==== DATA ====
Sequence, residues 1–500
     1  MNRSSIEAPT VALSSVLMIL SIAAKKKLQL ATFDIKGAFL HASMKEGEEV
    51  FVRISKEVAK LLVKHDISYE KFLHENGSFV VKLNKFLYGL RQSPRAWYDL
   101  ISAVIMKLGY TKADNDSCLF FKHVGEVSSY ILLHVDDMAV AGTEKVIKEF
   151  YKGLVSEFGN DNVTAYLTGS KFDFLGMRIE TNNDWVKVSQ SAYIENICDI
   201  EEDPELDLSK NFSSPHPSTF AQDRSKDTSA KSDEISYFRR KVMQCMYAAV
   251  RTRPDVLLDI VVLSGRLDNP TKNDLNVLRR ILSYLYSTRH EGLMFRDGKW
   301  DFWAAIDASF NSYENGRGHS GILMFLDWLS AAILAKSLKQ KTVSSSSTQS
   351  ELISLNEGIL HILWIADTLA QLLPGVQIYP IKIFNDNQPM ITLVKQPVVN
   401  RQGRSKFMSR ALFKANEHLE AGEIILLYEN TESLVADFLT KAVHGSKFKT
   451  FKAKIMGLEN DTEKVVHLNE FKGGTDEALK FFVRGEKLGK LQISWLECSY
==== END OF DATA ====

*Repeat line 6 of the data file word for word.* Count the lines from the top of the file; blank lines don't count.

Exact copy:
   201  EEDPELDLSK NFSSPHPSTF AQDRSKDTSA KSDEISYFRR KVMQCMYAAV